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How Do We Cry out in Chinese?

Dec. 14, 2018

HSK 3 quiz

Interjections are commonly used in our daily life which are also known as “叹词 (tàncí)” or “感叹词 (gǎntàncí)” in Mandarin Chinese. These kinds of expressions are used in our daily lives to express exclamations or make various kinds of emotional responses.

It happens every day! We use interjections or exclamations to express our emotional responses to things or to emphasize or exclaim when speaking with people. In Chinese, these are called “叹词 (tàncí)” or “感叹词 (gǎntàncí).” There are obviously many words that are commonly used, and I will introduce one of them today.

哎呀 (Āiya)

(1) It can be used to express surprise or admiration like something similar to: “Oh! Wow!”

Surprise:

These two ladies haven’t seen each other since Lisa attended Tina’s daughter’s first birthday party. One day Tina went out with her daughter and happened to meet Lisa.

Lisa: Zhè shì nǐ de nǚér ma?
Lisa: 这是你的女儿吗?
Lisa: Is this your daughter?

Tina: Shì a.
Tina: 是啊。
Tina: Mmmhmm.

Lisa: Āiya, tā dōu zhǎng zhème gāo la.
Lisa: 哎呀,她都长这么高啦。
Lisa: Wow, she has gotten so tall.

Admiration:

Calvin is walking down the street with his new girlfriend Emily. In the coffee shop, they meet Calvin’s aunt Susan.

Susan: Āiya, nǐ nǚpéngyou hǎo piàoliang a, shēncái yě hǎo jí le!
Susan: 哎呀,你女朋友好漂亮啊,身材也好极了!
Susan: Oh my Godness, your girlfriend is so pretty, and her figure is fabulous!

Calvin: Hāhā, āyí, nà shì kěndìng de, wǒ nǚpéngyou shì xiàohuā ne.
Calvin: 哈哈,阿姨,那是肯定的,我女朋友是校花呢。
Calvin: Haha, of course auntie, my girlfriend is our school’s beauty queen.

(Do you Know How to Describe the Beautiful Girl in Chinese?)

(2) “哎呀 (Āiya) Oho/Oh” is a frequently used exclamation. As we can see, Susan uses this phrase to show her surprise and admiration after seeing Calvin’s girlfriend Emily. But, do you know “哎呀 (āiya)” can also be used to complain or to express one’s doubt, discontent, and impatience? It’s kinda like “Oh My Gosh! Oh My God!”

Let’s take a look:

Complaining:

Lǎogōng: Āiya, lǎopó, nǐ yòu mǎi yīfu le? Zhè ge yuè nǐ yǐjīng mǎi le sì jiàn yīfu le.
老公: 哎呀,老婆,你又买衣服了?这个月你已经买了四件衣服了。
Husband: Oh my gosh, are you serious? Honey, did you buy clothes again? You’ve already bought 4 items of clothing this month.

Lǎopo: Lǎogōng, wǒ yǐjīng mǎi le ma, nǐ shuō wǒ yě méiyòng a.
老婆: 老公,我已经买了嘛,你说我也没用啊。
Wife: Hubby, I’ve already bought them, so it doesn’t do any good to complain about it.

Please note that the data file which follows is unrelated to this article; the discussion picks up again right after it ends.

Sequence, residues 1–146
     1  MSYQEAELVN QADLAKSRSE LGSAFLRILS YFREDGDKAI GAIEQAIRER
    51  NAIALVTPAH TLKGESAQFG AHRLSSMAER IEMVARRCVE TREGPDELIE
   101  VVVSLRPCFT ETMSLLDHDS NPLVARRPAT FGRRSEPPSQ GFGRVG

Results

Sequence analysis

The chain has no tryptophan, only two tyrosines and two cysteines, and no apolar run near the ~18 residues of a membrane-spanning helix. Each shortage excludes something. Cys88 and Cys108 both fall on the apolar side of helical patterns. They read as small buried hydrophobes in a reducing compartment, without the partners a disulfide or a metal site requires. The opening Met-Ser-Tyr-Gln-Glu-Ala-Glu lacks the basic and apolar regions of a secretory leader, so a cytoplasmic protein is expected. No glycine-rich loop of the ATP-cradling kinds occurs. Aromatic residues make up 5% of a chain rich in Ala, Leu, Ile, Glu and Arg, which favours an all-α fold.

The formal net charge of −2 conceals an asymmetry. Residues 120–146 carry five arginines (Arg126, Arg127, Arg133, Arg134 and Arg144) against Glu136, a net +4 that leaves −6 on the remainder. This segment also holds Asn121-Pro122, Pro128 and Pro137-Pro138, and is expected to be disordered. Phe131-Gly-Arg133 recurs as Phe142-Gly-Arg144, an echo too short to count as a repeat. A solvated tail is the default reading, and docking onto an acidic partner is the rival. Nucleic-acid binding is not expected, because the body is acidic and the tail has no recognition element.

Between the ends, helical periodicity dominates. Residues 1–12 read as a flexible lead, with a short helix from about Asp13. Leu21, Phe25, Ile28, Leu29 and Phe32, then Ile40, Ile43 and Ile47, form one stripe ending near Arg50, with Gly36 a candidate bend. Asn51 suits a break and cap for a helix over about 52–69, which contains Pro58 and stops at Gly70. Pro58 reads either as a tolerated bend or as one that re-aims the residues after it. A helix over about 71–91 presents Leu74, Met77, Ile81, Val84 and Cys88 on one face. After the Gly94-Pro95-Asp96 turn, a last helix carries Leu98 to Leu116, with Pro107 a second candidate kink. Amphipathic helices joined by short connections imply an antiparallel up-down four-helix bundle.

Impatience:

Milly: Āiya, jiějie, nǐ fán sǐ le, ràng wǒ zài shuì huìr ma!
Milly: 哎呀,姐姐,你烦死了,让我再睡会儿嘛!
Milly: Ugh, sis, you’re annoying me. Let me sleep a little longer!

Phoebe: Bùxíng, tàiyáng dōu shàidào pìgǔ shàng le, qǐchuáng!
Phoebe: 不行,太阳都晒到屁股上了,起床!
Phoebe: No, you’re burning daylight! Get up!

(3) It can refer to express panic which means “Ahhh! Oh No!”

Panic:

Linda: Āiya, yéye xīnzàng bìng fāzuò la.
Linda: 哎呀,爷爷心脏病发作啦。
Linda: Oh my god, Grandpa is having a heart attack.

Jack: Zhàogù hǎo tā, wǒ mǎshàng dǎ jíjiù diànhuà.
Jack: 照顾好他,我马上打急救电话。
Jack: You watch him! I’ll call 120. (The emergency number in China is 120.)

(4) It is also used to express anxiety which means “Alas/Oh Shoot!”

Anxiety:

Nancy: Āiya, diànyǐng yǐjīng kāishǐ la, tā zěnme hái méi lái ya.
Nancy: 哎呀,电影已经开始啦,她怎么还没来呀。
Nancy: Oh shoot! The film has already begun. Why hasn’t she come yet?

Taylor: Dàgài shì yǒu shì dānwù le ba. 
Taylor: 大概是有事耽误了吧。
Taylor: She probably got delayed with something.

(How to Distinguish “左右 (ZuǒYòu)” And “大概 (DàGài)?”)

So as you can see, there are many meanings for this interjection “哎呀 (āiya)” depending on the context, the conversation, and the tone with which you say it.

HSK 3 quiz

1. Read the dialogue and answer the question below.

Wáng Qīng: Āiya, nǐ yòu cǎi dào wǒ de jiǎo la.
王青: 哎呀,你又踩到我的脚啦。

Lì Lì: Bàoqiàn, wǒ búshì gùyì de.
丽丽: 抱歉,我不是故意的。

Which of the following can be inferred from the dialogue? Please choose the best answer.

A. Wang Qing is complaining that Li Li stepped on her foot.
B. Wang Qing feels sorry for stepping on Li Li’s foot.
C. Wang Qing didn’t think Li Li had stepped on her foot on purpose.

See Answer Analysis

Learn More Ways to Express Surprise Or Shock in Chinese:
Oh My God, So That’s What “我的妈呀! (Wǒ De Mā Ya)” Means!
我的神啊 (Wŏ De Shén A) My God & 你太有才了 (Nĭ Tài Yŏu Cái Le) You Are Too Talented
My God! 天哪!(Tiān Na) (Beginner)

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